A loose page flutters in the book so I pull it out. On one side is a checklist for W, building out the basement of our home. I titled it, "BEFORE DECOR: W'S JOBS": kitchen counters, dining cabinets, painting, install the bathroom sink and mirror.

On the other side of the paper is a list of things I am giving away or selling: books, food, chairs, a table, teapots, artwork, candles, a toddler rocking horse. I remember the items on the list as though I'm touching them again. Letting them slip between my fingers so I can open my hands and heart to Indonesia.

If wishes were horses,
then beggars would ride ... and
this Oma would get to hug her grandchildren
I've also written down the furnishings I need to finish out the basement. I will find them on Freecycle, Craigslist, and at IKEA. [When done, we have a lovely livable space to enjoy for 9 months.]

In the journal I read my grief at what we are leaving behind. But also anticipation for what lies ahead.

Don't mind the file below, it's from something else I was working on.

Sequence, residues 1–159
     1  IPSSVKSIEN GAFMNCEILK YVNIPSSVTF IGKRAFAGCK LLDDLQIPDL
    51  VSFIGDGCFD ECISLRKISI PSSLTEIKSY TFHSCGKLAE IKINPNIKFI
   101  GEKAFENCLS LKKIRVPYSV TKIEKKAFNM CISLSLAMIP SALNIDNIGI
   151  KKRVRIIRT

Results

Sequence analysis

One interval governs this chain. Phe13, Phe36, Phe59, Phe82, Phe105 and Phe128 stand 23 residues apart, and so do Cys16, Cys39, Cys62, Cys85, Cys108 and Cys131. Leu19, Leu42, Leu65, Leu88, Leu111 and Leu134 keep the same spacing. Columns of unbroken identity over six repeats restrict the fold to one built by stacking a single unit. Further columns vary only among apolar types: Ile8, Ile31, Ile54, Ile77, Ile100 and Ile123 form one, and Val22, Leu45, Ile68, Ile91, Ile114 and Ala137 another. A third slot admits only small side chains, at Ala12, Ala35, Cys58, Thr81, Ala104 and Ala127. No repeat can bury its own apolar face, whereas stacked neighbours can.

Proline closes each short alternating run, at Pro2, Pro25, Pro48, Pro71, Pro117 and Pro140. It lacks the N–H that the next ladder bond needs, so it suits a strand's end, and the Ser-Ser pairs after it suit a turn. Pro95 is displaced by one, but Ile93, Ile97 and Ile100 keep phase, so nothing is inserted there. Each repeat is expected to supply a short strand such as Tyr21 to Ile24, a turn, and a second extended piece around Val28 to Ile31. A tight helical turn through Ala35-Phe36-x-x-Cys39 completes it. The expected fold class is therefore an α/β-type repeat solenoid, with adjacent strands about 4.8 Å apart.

Here in Indonesia, the next weeks are crammed full of opportunities and obligations. But this morning, I pause in a house empty of guests.

I regroup. Mourn. Laugh. Plan. And I write. Always write.

God is faithful.

Read more:
*The Lord will bless his people with peace. Psalm 29:11 NKJV

*Fear not, for I am with you; be not dismayed, for I am your God; I will strengthen you, I will help you, I will uphold you with my righteous right hand. Isaiah 41:10 ESV

*Since we are justified by faith, we have peace with God through our Lord Jesus Christ. Romans 5:1 ESV

*So then you are no longer strangers and aliens, but you are citizens with the saints and members of the household of God. Ephesians 2:19 ESV

Moravian Prayer: Most precious Lord and Savior, give us the faith of a child to see your light in our lives so that we might experience and share your peace that surpasses all understanding. Amen.

C. S. Lewis: from Mere Christianity
We begin to notice, besides our particular sinful acts, our sinfulness; begin to be alarmed not only about what we do, but about what we are. This may sound rather difficult, so I will try to make it clear from my own case. 

When I come to my evening prayers and try to reckon up the sins of the day, nine times out of ten the most obvious one is some sin against charity; I have sulked or snapped or sneered or snubbed or stormed. And the excuse that immediately springs to my mind is that the provocation was so sudden and unexpected; I was caught off my guard, I had not time to collect myself.